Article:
photo by Jason Mueller

Mingling with abstract artists like Ellsworth Kelly and Richard Serra first inspired Jan Greenberg to become an author. In the ’70s, her home was “a kind of middle ground for artists,” she says, after her husband, Ronnie, opened the Greenberg Van Doren Art Gallery. “Listening to them talk about their work fascinated me. And I also realized that they were taking big risks,” she says—abstract art wasn’t always accepted, and it could take the artists a long time to place their work in galleries.

    “That encouraged me to write that first book,” she says. Published in 1979, A Season in Between is an autobiographical novel based on Greenberg’s years at Mary Institute, then an all-girls private school. “I began it just as an autobiography to share with my girls,” says Greenberg, who has three daughters. “I was lucky it was published.”

    Writing about Mary Institute came easily, she says. “I could look at it with a great amount of not only distance, but amusement,” she explains. The book was part send-up of life at a private girls school and part serious—it was also about a girl dealing with her father’s illness and death from cancer. Like the main character, Greenberg’s father died when she was in seventh grade. Writing the book, she says, was “a way of getting some mastery of those feelings that I hadn’t explored in a long time.”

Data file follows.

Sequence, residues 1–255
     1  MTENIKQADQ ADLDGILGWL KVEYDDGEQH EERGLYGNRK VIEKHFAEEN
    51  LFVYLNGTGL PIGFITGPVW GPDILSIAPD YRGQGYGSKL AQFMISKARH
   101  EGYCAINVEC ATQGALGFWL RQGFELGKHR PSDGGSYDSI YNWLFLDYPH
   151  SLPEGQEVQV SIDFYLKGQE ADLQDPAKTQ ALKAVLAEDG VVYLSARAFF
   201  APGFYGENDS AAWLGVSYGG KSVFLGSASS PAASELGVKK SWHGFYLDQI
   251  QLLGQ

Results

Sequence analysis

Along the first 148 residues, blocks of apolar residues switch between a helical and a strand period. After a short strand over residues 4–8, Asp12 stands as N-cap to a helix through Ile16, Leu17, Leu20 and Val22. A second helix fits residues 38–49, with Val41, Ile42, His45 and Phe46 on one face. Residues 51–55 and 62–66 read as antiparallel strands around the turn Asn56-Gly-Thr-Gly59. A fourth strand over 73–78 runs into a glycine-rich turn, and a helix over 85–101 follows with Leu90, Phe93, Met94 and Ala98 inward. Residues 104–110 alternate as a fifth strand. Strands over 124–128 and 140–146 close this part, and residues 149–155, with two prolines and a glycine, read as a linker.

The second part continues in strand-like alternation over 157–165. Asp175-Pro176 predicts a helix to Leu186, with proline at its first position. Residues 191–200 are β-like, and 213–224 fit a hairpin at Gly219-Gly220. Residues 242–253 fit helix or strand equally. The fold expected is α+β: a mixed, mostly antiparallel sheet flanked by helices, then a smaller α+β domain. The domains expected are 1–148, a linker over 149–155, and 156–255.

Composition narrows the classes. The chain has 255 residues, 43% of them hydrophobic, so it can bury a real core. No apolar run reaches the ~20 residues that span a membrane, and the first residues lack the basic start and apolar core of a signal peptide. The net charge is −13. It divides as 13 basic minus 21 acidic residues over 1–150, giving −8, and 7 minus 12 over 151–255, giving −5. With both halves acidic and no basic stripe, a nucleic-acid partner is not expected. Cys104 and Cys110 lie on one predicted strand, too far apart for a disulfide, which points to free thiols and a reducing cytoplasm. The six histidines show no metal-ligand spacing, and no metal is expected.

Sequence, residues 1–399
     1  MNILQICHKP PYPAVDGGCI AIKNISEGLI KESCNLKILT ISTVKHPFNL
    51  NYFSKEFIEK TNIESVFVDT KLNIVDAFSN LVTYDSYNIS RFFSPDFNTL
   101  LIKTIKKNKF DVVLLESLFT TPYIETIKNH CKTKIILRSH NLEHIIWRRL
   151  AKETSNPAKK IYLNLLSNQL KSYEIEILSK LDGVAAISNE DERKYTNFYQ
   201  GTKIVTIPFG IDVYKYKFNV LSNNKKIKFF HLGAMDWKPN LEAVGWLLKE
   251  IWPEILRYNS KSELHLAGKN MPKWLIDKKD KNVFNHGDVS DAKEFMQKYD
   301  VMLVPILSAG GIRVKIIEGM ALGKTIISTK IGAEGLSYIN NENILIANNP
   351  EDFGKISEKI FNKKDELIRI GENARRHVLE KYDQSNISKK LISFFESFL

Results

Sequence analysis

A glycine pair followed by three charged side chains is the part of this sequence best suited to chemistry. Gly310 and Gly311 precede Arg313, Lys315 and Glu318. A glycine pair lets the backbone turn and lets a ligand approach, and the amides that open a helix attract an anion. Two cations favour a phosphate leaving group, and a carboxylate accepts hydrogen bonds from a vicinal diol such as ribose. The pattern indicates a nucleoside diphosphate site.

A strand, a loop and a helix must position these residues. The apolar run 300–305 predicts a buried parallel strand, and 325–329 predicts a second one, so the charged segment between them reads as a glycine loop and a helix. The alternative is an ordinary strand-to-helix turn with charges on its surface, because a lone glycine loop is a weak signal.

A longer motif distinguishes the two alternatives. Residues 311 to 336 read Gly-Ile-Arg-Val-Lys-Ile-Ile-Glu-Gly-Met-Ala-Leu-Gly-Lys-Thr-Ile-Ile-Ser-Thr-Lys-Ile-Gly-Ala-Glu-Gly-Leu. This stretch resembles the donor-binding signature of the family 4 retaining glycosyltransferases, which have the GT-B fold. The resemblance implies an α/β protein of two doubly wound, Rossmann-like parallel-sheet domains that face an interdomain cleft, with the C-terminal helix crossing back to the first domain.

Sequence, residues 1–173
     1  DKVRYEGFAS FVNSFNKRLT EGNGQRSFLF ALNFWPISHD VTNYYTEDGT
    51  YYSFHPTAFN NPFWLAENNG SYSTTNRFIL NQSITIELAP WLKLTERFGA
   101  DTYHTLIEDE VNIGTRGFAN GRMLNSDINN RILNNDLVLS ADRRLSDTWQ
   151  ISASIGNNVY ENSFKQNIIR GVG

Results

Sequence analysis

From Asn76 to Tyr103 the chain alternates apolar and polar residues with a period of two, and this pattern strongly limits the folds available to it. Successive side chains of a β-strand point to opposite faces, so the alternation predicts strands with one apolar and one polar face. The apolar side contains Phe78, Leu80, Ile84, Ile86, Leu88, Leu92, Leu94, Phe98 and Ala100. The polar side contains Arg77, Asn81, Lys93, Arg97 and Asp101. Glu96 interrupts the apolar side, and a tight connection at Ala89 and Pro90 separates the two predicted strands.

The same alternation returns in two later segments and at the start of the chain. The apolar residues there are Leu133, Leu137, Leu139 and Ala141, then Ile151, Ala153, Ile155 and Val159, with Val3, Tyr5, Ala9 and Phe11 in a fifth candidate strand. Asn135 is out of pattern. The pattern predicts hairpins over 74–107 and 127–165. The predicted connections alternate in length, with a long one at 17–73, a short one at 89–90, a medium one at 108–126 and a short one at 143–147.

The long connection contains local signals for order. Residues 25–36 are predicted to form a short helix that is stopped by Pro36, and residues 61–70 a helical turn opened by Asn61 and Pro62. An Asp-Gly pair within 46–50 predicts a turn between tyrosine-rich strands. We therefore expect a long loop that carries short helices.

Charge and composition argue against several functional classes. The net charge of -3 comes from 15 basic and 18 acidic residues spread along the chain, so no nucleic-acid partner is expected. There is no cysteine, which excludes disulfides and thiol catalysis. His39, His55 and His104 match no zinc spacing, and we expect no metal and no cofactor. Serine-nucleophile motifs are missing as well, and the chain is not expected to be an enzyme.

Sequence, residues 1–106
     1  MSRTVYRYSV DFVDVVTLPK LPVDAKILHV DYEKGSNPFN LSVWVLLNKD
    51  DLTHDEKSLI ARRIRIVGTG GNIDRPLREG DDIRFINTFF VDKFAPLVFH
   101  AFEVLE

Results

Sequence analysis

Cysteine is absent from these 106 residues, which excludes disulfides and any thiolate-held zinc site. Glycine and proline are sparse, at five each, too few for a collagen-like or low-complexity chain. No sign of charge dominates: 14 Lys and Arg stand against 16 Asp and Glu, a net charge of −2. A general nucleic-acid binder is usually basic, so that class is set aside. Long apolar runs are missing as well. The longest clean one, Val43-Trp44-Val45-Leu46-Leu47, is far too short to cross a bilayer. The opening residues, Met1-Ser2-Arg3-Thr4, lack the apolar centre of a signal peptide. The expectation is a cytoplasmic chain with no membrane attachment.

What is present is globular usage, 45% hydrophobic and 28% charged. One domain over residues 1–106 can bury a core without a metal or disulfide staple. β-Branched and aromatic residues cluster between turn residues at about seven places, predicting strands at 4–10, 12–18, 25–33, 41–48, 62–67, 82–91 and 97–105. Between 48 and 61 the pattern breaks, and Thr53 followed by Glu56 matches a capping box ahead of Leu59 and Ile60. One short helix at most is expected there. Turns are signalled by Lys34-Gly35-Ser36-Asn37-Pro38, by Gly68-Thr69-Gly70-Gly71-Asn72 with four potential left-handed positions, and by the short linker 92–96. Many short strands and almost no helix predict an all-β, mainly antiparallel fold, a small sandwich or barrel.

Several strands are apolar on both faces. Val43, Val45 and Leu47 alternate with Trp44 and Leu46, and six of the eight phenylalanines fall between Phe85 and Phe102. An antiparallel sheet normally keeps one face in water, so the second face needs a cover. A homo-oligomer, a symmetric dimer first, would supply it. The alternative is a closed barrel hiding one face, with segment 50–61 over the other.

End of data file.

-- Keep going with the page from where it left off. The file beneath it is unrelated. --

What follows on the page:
Six more novels followed, all for young adults. Then, as Greenberg’s daughters entered their teens, her writing took a new direction. As children, she says, her daughters and their friends were excited by the colorful, abstract art lining the walls of the Greenbergs’ Clayton home, painted by artists such as Andy Warhol, Roy Lichtenstein and Frank Stella. “But when they became teenagers, they often made comments such as, ‘My little sister could do that,’” Greenberg says. “And I began to wonder what happens between childhood and adulthood that turns us off to new ideas.”

    Inspired by the works around her, Greenberg collaborated with former editor Sandra Jordan to write The Painter’s Eye: Learning to Look at Contemporary American Art. “What I wanted to do was help young people begin a conversation about art,” she says.

    One of the most enjoyable parts of writing the book was visiting studios and museums and talking to artists, Greenberg says. “What fascinated us was the way the artists talked about how their life and their work intertwined.” That interest launched a series of biographies (written for children) of artists such as Andy Warhol, Chuck Close, Vincent Van Gogh and Jackson Pollock.

    Researching the biographies took Greenberg around the world. “With novels, you really stay in the room, but writing nonfiction, you get out of the studio to interview your subjects, go to galleries and museums and go to where they lived and worked,” she says. “Each book is an adventure.”

    Greenberg’s upcoming book, Ballet for Martha, describes how dancer Martha Graham, artist Isamu Noguchi and composer Aaron Copeland collaborated on the ballet Appalachian Spring, and will be published next fall. After that, it’s on to something entirely new. Greenberg says she’s now writing a mystery for adults, set in St. Louis. “I love reading mysteries,” she says. “I guess I’ve been doing so much research about artists, I’m kind of ready to just let it go and write.”

    Is she done with children’s books entirely? “If a good idea comes to me for another children’s book, I’ll write one,” she says. “But right now I’m having fun just exploring.”